Do I Disgust You? The Visual Missed Cues of Bi-Polar Patients

Did you ever get the feeling that someone didn’t like you? I mean–really, really didn’t like you, perhaps even saw you as beneath contempt? And–did you get that feeling before there was any interaction between you and the aforesaid person? Just, maybe, from a look on his or her face? Are you also, by chance, bipolar?

If so, your interpretation may very likely be totally wrong.  For, you see, bipolar (or BD) people have what researcher Catherine Harmer and her team call “an enhanced recognition of facial expressions of disgust,” meaning they see disgust in people’s faces, even when it isn’t there.

While it pretty much goes without saying that those in the depressive phase of the illness would mis-interpret facial expressions as negative (see (Gray et al., 2006), the (unpleasant) surprise was how poorly those who were ‘well’ did.

Harmer, et. al., looked at 20 patients aged 24-29 years, all of whom were what is termed ‘euthymic, (that’s just fancy talk for what we would basically define as ‘normal,’ meaning not depressed, not manic), for at least 6 months (in bipolar land, that’s an eternity). The researchers showed their subjects faces [kind of like the ones below] expressing 6 different emotions–happiness, surprise, sadness, fear, anger, and disgust, taken from the Ekman and Friesen Pictures of Affect Series (1976). Subjects were to assess the facial expression of faces presented on a computer as quickly and accurately as possible.

I hate to give away the ending so soon, but, in short, the BD subjects had a “statistically significant” impairment in accurately recognizing facial expressions.  This finding is in good company.

Lahera et al (2012) used the Facial Emotion Recognition Test on 39 euthymic outpatients and found a “significant impairment in facial emotion recognition compared with a similar sample of healthy volunteers.”

In 2000, Yurgelun-Todd et al chose only happy or fearful faces for 14 BD patients to identify.  A paltry 10 of the 14 were capable of accurately identifying the fearful faces, a tendency which was affirmed by Bozikas et al‘s (2007) work.  Other research revealed those with BD to be less accurate at identifying surprised faces.

Of course you might just be thinking, “and who really cares?”–and I wouldn’t blame you.  But actually the finding has some pretty serious repercussions.


Clearly, judging facial expressions is an important part of social interactions. Turns out that, even during periods of remission or euthymia, those with BD do not just suffer from cognitive impairment (in case you had forgotten, I went to town on that topic in the oh-so-cleverly titled “Bipolar Disorder and Cognitive Impairment“) as well as occupational impairment (never fear–I have plenty to say on this topic, too, if you’re curious, but I warn you this it isn’t pretty)–but I now I find they have social impairment, as well.

Along come Agustin Ibanez and his colleagues (2012) to tell us that “Recent studies of BD have reported social cognition deficits and emotional impairments.” Wouldn’t want to miss out on anything, would we? And what’s the example they give? That emotional responses to pictures or faces are impaired. Very nice.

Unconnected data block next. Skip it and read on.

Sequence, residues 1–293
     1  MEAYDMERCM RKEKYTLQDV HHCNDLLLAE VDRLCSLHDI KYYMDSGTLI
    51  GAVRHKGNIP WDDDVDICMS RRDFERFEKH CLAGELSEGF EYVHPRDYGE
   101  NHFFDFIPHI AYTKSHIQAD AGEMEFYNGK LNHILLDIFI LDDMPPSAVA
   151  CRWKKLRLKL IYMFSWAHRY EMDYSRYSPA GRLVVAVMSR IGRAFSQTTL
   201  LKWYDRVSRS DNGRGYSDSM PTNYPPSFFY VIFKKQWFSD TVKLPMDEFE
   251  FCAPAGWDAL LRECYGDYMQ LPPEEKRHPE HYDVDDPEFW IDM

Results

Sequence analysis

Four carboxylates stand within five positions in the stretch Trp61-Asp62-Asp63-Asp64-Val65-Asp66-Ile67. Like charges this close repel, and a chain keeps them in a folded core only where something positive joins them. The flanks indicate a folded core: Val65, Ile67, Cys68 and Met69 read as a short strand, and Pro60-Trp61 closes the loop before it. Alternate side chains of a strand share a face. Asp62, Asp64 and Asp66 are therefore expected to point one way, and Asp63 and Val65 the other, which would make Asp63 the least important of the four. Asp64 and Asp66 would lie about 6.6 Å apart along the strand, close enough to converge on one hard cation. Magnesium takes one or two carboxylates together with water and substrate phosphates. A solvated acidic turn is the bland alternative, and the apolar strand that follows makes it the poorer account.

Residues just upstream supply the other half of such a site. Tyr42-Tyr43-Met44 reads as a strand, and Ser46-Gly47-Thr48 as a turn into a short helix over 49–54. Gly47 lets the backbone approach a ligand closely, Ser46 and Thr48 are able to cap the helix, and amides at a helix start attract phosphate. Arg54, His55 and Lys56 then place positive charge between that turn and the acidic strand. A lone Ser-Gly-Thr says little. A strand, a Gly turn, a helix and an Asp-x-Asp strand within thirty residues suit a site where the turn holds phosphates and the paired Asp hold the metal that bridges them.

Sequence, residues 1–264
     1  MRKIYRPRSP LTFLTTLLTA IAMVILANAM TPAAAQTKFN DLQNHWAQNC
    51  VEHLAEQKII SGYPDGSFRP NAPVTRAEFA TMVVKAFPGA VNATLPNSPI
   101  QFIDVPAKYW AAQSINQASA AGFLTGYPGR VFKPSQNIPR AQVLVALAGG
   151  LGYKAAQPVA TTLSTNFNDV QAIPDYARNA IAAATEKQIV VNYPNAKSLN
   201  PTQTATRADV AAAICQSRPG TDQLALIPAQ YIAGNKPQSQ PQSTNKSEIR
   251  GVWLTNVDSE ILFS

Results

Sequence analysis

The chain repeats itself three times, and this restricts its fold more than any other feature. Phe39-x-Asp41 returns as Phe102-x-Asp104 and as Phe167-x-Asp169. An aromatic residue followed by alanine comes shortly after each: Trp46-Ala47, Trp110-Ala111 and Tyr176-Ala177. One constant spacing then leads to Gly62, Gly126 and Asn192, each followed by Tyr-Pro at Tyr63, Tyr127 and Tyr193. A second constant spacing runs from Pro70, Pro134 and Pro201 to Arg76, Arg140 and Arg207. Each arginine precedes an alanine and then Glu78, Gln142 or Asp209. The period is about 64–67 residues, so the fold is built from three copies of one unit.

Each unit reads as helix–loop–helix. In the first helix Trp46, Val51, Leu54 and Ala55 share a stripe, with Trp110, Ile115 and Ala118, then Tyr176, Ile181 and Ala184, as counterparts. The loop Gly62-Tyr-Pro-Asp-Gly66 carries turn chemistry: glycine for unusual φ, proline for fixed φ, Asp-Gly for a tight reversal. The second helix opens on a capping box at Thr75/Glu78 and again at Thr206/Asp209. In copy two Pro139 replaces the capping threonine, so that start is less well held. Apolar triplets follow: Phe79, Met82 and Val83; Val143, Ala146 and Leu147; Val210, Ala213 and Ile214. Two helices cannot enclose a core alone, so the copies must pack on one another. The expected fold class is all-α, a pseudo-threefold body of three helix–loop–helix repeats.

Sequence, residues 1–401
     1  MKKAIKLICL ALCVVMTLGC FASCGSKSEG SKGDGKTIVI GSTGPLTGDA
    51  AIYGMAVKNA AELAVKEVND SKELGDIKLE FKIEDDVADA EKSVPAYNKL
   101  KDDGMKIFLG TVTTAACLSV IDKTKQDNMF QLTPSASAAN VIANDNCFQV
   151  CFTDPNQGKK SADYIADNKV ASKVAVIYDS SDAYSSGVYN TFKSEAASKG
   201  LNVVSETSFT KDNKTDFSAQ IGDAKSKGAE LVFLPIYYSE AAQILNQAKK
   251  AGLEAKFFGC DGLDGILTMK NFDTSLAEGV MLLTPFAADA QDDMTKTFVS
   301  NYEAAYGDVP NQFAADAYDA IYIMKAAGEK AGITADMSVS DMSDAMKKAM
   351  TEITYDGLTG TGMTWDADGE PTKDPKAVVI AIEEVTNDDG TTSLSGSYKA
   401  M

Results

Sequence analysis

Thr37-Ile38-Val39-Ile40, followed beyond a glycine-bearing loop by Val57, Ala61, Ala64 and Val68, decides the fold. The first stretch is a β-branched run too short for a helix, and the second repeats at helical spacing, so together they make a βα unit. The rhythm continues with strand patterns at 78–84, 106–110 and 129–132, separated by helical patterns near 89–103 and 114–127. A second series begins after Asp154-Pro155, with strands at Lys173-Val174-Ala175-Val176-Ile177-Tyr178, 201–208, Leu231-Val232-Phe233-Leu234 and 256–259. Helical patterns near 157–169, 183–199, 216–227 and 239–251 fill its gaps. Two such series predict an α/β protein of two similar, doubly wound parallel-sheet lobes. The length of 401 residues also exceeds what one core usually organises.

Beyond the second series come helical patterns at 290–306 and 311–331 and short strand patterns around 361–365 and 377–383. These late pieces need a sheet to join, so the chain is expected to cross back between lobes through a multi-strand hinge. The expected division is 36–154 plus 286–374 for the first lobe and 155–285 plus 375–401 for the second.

And apparently this is all pretty well-known. A 2012 piece in NewsMedical, “Social cognition impaired in bipolar disorder patients,” reported on a different study that followed along the same lines.  25 BD subjects had to interpret facial expressions (in this case they utilized the Reading the Mind in the Eyes Test [RMET], where 36 sets of eyes depict mental states, and the subject is asked to describe that state). Once again, those with BD were significantly less accurate when compared to the controls.  And–this is important here–researchers correlated poorer scores on the cognitive tests with “reduced psychosocial functioning.”

And now let’s get back to Hammer, et. al., for a moment to add an additional layer.  There was that something they found in their work that they didn’t expect to find–and that has negative implications for those suffering from BD (I mean more negative implications). It wasn’t just that those with BD were worse at recognizing facial expressions. That’s old hat. Rather–remember? From the beginning?–in comparison to the control group, “bipolar patients detected more of the disgusted facial expressions while mislabeling significantly fewer other facial expressions,” or, in other words, the bipolar group “showed enhanced recognition of facial expressions of disgust.”

And, in fact, that’s easy to imagine.  If you look at faces and see disgust where there isn’t any, well, you’re not going to feel that great about yourself, and probably not going to venture forward in a number of social circumstances. Harmer, et. al., (going way out on a limb here) suggest the tendency to see disgust that isn’t there “could be associated with low self-esteem and increased anxiety.”

If we juxtapose this reading of disgust with the fact that those with BD have been found to demonstrate “significantly higher levels of. . .need for approval” (Scott et al 2000) than the general population, it should come as no surprise that those with BD, according to Depp et al (2013):

  • Have fewer social interactions than healthy comparison subjects;
  • have smaller social networks  than control groups; and
  • are less likely to achieve significant social milestones (such as marriage or civil unions) than the population at large.

I don’t know, but it sure makes you wonder. . .isn’t there any way to practice identifying faces or something?

If you need me as a model, I could volunteer as a model.  I’ll take, um, sadness, fear, and anger.


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